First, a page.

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Amazon to Acquire eero. Why It Matters.

An Ethernet cable connected to a modem

In typical Amazon (NASDAQ: AMZN) fashion, the company's move to acquire Wi-Fi networking company eero seems to have come out nowhere, but makes a lot of sense. eero will give Amazon a foothold in a space that competitor Alphabet (NASDAQ: GOOG) (NASDAQ: GOOGL) is already in, and that's not the only reason that the acquisition is a clever move for Amazon.

What eero does

eero manufactures Wi-Fi networking devices. Its specialty is mesh Wi-Fi, a system in which multiple router-like devices are placed throughout a space to offer more coverage. Each additional router-like device works with the others and with a single main router to create a web of Wi-Fi extenders without the annoyances and quirks of older, aftermarket Wi-Fi extender products.

None of this comes cheap: an eero router costs $199, while its "Beacon" extension modules are $149 each. eero says that for "most homes," one eero and two eero Beacons will suffice, covering up to 3,500 square feet, and it offers this package for $399.

eero actually pioneered this type of Wi-Fi setup, but it has since been joined in the mesh router business by other companies -- including Alphabet's Google, which offers a mesh router system called Google Wifi.

An Ethernet cable connected to a modem

Image source: Getty Images

Amazon could do a lot with eero

When it comes to eero, Amazon has options.

The simplest thing that Amazon could do would be to allow eero to keep operating more or less autonomously. Despite significant layoffs in 2018 as the company eliminated a project to "focus on our core business," eero has looked pretty healthy for most of its existence. I t report edly has raised at least $90 million from investors so far.

Alternatively, Amazon could look to integrate eero's offerings -- or the underlying technology -- into its other product lines. Amazon's Echo and Fire TV devices rely on internet connections to work, and make natural partners for Wi-Fi networking products. In addition to its router offerings, eero has a cybersecurity service that might work well with Alexa's capabilities, which include security-related smart-home functionality. Amazon could even produce combination devices -- picture, for instance, an Echo device that also extends your Wi-Fi network's range.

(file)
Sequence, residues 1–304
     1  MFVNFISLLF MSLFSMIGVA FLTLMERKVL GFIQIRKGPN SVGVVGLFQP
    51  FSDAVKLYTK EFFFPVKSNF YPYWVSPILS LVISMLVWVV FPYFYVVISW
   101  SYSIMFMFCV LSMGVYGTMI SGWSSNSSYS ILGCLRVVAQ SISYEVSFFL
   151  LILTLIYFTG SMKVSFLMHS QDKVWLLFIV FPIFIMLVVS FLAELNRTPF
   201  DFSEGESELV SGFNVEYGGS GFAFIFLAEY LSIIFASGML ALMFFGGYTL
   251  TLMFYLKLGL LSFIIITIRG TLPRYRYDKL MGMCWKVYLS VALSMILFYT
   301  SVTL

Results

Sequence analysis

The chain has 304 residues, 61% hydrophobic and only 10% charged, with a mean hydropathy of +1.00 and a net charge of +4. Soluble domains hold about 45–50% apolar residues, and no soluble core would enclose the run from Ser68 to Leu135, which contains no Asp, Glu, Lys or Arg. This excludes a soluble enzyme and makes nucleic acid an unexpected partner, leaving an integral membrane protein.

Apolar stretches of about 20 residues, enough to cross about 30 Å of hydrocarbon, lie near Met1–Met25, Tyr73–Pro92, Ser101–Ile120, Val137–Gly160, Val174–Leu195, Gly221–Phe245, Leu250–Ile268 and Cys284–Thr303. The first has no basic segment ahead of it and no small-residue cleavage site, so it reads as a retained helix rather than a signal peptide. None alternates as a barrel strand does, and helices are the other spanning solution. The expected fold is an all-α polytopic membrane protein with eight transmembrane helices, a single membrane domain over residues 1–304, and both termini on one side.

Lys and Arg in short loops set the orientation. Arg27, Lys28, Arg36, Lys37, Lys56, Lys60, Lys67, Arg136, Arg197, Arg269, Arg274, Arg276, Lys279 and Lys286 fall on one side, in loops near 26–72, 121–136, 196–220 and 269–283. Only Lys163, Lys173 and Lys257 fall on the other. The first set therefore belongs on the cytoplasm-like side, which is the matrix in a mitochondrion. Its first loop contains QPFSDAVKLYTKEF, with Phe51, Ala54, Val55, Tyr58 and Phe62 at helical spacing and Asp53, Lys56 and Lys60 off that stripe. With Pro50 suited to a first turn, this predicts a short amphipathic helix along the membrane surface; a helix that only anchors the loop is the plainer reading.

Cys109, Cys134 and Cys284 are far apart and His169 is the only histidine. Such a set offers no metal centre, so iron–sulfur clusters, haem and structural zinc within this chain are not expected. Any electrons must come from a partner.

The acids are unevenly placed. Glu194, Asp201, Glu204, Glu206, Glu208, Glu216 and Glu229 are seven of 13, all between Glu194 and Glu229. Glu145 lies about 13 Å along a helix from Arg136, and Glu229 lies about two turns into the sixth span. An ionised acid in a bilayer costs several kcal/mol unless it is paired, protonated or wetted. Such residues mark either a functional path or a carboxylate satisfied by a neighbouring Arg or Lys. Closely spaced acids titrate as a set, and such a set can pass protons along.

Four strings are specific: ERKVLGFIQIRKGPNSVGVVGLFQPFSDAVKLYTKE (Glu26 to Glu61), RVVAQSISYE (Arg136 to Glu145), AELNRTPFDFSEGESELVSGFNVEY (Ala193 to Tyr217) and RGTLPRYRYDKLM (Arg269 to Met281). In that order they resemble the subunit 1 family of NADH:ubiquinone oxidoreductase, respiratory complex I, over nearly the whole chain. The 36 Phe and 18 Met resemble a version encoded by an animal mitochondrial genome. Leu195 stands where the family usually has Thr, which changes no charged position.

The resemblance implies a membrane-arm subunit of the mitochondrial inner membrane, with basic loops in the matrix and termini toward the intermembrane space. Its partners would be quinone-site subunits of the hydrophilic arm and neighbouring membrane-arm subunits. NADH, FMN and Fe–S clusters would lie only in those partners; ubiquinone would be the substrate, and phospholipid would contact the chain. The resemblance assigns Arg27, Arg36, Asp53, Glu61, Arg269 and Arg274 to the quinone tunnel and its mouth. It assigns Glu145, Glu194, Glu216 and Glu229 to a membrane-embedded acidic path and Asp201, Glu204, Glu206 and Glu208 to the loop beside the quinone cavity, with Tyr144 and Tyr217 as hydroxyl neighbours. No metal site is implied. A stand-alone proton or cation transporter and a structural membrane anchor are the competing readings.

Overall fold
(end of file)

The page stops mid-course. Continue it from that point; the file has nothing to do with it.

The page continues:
And regardless of what Amazon does with eero's product line or technology, it will gain something else: a whole lot of information.

eero gives Amazon access to a lot of data

Amazon's acquisition of eero is giving some privacy hawks pause, and it's not hard to see why. An internet user's Wi-Fi router sees all of their internet traffic.

But eero says it does not track its users' browsing history, and says that won't change with the acquisition. Still, there's a lot that Amazon can learn from eero users.

eero does appear to collect information about the number and types of devices that users connect to their routers. It can tell how much data users are transmitting. It can learn things about connection speeds and how to balance traffic between different mesh Wi-Fi modules and devices. Google Wifi products collect similar types of data (and similarly avoid browsing data, according to its terms of service).

All of this is information that Amazon could find very useful, especially given the importance of home networks to Fire TV and Echo devices. It's worth noting that tracking web histories would be hard for Amazon to do with existing eero hardware, given the prevalence of HTTPS encryption among modern websites -- not to mention the likely public backlash such a move would generate.

An on-brand move for Amazon

Amazon's acquisitions sometimes come out of the blue, and the eero purchase fits that mold. But that's not the only way in which this is an on-brand move for Amazon. This is a move that puts Amazon in a new business space, attacks a direct competitor, opens up new opportunities for Amazon's existing product lines, and -- perhaps most importantly of all -- gives Amazon more information about its consumers' internet habits. We don't yet know exactly what Amazon will do with eero, but we do know that this acquisition makes a lot of sense for the tech giant.

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John Mackey, CEO of Whole Foods Market, an Amazon subsidiary, is a member of The Motley Fool's board of directors. Suzanne Frey, an executive at Alphabet, is a member of The Motley Fool's board of directors. Stephen Lovely owns shares of Amazon. The Motley Fool owns shares of and recommends Alphabet (A shares), Alphabet (C shares), and Amazon. The Motley Fool has a disclosure policy .

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The views and opinions expressed herein are the views and opinions of the author and do not necessarily reflect those of Nasdaq, Inc.

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